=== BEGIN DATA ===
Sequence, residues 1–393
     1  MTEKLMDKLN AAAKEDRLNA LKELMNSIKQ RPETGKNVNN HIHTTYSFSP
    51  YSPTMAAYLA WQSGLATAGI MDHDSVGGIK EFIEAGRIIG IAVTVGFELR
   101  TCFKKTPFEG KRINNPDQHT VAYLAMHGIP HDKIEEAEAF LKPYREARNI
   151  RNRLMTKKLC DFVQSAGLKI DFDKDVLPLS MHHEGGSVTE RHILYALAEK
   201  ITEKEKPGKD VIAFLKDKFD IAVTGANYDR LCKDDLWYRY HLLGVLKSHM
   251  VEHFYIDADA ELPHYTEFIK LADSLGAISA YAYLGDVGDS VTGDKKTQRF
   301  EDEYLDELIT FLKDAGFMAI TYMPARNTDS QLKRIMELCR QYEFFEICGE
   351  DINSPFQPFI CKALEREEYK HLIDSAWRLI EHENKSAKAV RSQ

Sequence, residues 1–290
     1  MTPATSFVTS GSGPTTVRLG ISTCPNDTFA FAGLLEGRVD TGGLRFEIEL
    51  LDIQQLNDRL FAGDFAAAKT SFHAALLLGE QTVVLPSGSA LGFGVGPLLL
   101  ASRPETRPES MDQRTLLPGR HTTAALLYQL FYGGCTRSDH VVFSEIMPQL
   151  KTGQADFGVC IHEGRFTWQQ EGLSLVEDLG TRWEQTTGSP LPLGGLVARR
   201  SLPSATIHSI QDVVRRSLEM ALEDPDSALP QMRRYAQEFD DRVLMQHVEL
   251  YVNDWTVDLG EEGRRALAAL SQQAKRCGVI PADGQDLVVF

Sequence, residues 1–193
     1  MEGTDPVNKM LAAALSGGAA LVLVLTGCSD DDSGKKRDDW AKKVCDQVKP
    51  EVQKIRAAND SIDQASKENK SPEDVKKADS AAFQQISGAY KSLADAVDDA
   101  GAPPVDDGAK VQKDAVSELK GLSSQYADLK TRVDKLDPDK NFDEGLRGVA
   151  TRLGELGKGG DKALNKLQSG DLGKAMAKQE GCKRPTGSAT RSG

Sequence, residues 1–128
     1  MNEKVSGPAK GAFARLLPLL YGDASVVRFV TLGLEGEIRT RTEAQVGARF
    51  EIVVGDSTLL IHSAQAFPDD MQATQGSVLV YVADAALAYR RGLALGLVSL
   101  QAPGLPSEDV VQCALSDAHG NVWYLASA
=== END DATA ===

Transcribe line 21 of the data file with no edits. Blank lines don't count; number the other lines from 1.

   151  TRLGELGKGG DKALNKLQSG DLGKAMAKQE GCKRPTGSAT RSG